Charities across Canada are benefiting from the most unusual Coldest Night of the Year to date.

Coldest Night is a COVID-safe, family-friendly walk that was held on Saturday to raise money for charities serving people who are homeless, hurt, and hungry.

Since 2011, it’s raised over $33,500,000 in 149 communities across Canada.

Despite being held virtually for the first time ever, this year’s event exceeded expectations.

Combined, participants raised $9,367,407 at 149 locations. That’s 117 percent above the original goal of $8 million.

Nicholas Carney is CNOY’s director of participant and donor support. He said they were “cautiously confident” going into this year’s fundraiser.

“We have still been blown away by the success across the board,” he said. “We’re stunned, we’re so encouraged. The big win was that it wasn’t as though a ton of new charities joined and we just sort of had excess fundraising from that. It was just tons of charities that have been part of it for six, eight years, that had their best years ever, doubling and tripling their goals, so we were really impressed.”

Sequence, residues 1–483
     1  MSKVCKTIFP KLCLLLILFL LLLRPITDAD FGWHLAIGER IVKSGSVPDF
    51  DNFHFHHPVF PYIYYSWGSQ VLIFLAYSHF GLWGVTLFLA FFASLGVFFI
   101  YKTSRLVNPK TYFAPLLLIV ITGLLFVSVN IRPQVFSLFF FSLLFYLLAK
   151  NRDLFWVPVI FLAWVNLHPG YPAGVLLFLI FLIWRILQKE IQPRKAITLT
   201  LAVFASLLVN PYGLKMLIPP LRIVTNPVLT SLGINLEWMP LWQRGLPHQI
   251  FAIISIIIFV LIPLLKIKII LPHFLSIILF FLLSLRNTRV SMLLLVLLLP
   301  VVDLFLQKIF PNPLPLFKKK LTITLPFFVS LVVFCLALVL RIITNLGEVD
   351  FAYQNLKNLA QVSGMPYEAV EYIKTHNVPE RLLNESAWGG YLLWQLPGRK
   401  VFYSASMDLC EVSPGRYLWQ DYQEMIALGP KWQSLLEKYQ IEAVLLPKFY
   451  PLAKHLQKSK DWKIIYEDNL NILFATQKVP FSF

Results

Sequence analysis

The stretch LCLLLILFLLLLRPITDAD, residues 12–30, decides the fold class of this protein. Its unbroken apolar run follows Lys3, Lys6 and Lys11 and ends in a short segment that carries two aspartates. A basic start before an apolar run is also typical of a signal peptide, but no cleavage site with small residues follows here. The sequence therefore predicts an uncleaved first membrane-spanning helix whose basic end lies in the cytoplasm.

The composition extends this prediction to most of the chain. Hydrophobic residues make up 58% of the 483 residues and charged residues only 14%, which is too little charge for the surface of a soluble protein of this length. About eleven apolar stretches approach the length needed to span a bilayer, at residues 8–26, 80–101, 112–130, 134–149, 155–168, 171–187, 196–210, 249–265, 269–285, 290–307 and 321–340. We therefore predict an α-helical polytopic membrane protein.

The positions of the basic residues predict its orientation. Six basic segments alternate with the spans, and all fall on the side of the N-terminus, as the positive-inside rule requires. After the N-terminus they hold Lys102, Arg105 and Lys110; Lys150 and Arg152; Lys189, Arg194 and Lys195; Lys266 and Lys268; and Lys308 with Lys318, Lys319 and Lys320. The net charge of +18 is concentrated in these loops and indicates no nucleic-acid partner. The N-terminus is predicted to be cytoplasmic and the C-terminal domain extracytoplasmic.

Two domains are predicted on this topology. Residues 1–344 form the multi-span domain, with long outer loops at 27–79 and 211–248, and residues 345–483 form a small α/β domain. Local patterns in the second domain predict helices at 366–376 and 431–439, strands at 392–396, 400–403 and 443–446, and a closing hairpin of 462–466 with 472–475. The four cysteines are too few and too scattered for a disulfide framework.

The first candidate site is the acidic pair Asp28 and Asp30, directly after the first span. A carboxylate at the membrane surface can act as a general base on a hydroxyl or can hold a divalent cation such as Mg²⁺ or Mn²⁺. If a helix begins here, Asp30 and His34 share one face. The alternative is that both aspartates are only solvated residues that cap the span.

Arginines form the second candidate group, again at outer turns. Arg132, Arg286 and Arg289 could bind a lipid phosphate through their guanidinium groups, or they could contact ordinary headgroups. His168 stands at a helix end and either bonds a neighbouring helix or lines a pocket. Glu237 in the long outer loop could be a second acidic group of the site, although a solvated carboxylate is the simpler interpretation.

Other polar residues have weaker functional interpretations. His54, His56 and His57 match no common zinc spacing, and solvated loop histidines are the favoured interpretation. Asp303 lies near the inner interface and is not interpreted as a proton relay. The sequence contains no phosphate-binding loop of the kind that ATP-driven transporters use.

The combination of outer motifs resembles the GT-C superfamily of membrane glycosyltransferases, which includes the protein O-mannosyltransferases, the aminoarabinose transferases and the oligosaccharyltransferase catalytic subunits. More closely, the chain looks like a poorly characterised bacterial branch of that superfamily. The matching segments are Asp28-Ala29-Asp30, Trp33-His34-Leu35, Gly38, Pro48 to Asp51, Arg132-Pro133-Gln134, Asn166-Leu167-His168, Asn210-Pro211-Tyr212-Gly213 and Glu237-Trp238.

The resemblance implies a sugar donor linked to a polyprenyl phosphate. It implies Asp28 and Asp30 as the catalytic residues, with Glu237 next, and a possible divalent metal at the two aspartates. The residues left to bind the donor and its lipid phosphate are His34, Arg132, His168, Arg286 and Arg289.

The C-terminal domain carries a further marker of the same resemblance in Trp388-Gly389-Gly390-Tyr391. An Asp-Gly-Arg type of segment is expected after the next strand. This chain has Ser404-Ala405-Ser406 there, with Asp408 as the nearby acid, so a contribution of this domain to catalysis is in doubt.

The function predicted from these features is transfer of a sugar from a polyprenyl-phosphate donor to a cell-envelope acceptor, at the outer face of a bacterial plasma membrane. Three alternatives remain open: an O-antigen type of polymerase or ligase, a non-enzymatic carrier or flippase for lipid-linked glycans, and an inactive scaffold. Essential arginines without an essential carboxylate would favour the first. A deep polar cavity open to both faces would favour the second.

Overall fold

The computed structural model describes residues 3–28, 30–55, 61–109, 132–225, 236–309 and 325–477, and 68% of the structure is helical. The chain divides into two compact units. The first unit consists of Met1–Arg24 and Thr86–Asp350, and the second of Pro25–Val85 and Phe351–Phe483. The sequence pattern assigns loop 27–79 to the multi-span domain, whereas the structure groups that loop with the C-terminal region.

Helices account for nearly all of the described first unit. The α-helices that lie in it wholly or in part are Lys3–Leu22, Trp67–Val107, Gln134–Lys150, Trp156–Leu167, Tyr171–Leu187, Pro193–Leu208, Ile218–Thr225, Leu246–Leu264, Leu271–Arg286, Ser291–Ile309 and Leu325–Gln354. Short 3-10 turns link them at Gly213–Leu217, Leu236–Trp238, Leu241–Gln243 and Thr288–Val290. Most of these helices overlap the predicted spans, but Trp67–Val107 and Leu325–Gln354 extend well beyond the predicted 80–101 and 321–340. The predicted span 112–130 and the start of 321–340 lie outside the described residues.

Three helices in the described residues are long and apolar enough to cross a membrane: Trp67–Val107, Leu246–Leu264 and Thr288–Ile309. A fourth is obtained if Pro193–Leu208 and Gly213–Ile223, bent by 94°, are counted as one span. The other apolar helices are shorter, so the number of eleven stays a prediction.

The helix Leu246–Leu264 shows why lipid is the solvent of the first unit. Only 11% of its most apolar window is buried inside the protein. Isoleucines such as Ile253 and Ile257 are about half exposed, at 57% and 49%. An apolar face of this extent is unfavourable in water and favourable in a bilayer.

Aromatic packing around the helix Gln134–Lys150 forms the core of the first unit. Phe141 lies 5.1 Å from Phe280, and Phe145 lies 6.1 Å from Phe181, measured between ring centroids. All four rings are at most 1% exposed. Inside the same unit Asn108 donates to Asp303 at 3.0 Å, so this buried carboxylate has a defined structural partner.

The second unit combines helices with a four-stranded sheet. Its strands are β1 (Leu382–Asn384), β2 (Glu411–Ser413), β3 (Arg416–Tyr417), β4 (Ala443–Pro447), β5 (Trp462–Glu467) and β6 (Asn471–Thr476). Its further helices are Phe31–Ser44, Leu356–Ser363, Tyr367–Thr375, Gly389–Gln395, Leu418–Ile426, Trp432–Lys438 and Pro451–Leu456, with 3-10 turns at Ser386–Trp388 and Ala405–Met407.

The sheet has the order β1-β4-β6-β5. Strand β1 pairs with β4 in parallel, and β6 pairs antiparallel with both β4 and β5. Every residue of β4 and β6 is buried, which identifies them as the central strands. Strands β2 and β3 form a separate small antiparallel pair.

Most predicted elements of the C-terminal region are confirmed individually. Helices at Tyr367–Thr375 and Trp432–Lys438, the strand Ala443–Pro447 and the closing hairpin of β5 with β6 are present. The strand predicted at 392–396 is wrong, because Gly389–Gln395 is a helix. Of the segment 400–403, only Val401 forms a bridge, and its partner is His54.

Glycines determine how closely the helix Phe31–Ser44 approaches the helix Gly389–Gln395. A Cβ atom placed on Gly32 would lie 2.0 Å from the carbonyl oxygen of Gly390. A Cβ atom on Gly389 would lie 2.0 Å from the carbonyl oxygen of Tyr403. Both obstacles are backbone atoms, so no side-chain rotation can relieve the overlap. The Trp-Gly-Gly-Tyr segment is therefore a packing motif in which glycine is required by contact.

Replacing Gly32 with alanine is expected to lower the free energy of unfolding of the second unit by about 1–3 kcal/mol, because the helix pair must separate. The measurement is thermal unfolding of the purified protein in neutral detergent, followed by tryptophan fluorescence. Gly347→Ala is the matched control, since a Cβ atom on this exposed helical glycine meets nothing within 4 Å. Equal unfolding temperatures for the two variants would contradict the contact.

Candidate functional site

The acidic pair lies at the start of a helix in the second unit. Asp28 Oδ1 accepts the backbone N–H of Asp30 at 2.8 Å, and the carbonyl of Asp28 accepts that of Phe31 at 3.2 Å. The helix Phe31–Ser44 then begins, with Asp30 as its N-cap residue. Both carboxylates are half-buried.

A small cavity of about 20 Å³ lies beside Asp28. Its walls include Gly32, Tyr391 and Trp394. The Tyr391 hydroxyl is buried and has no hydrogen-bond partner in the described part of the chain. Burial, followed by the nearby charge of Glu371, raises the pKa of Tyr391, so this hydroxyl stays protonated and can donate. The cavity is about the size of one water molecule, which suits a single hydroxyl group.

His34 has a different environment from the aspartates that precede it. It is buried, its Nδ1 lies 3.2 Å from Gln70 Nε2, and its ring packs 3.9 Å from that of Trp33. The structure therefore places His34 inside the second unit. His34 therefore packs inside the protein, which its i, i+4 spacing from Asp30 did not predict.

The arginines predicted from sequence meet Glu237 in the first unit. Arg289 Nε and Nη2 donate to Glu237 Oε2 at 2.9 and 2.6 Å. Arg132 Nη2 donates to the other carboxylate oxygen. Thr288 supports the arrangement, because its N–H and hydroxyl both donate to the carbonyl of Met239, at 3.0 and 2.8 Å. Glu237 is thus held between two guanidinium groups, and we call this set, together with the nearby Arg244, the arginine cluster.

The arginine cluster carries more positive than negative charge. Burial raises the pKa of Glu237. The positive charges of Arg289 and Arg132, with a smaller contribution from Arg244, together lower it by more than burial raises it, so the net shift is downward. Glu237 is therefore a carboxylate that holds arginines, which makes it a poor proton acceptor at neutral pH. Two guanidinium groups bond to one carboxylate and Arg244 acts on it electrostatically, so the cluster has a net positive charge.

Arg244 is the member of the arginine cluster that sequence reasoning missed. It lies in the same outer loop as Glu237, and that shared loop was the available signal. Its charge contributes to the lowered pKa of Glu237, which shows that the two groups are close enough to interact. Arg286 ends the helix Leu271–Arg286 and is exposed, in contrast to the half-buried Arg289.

Usually, volunteers and donors gather to walk together; however, due to COVID, CNOY organizers asked people to walk on their own time, while participating virtually as a team or individual.

Carney said participants found a way to make it work.

“A lot of families and small groups of teams if the local restrictions allowed for it,” he said. “So it was very different as opposed to the centralized thing. We had people hiking in the woods, doing the local neighbourhoods, some people just on treadmills, so it was very different.”

In the Campbell River/North Island areas, the Campbell River and North Island Transition Society is the organizer.

They’ve raised $29,785, so far, which is 85 percent of their goal of $35,000.

Meanwhile, in the Comox Valley, the event was hosted by the Comox Valley Transition Society and Dawn to Dawn.

In the valley, 79 teams have raised $170,700 there, which is 141 percent above their goal of $121,000.

And in Nanaimo, ICCS Nanaimo led the charge.

They’ve raised just over $53,000 so far, which is 117 percent higher than their goal of $45,000.

The fundraising doesn’t stop on Saturday. Participants are encouraged to get out there, raise money and walk any day this month, not just on the 20th.

You can find out more about CNOY here.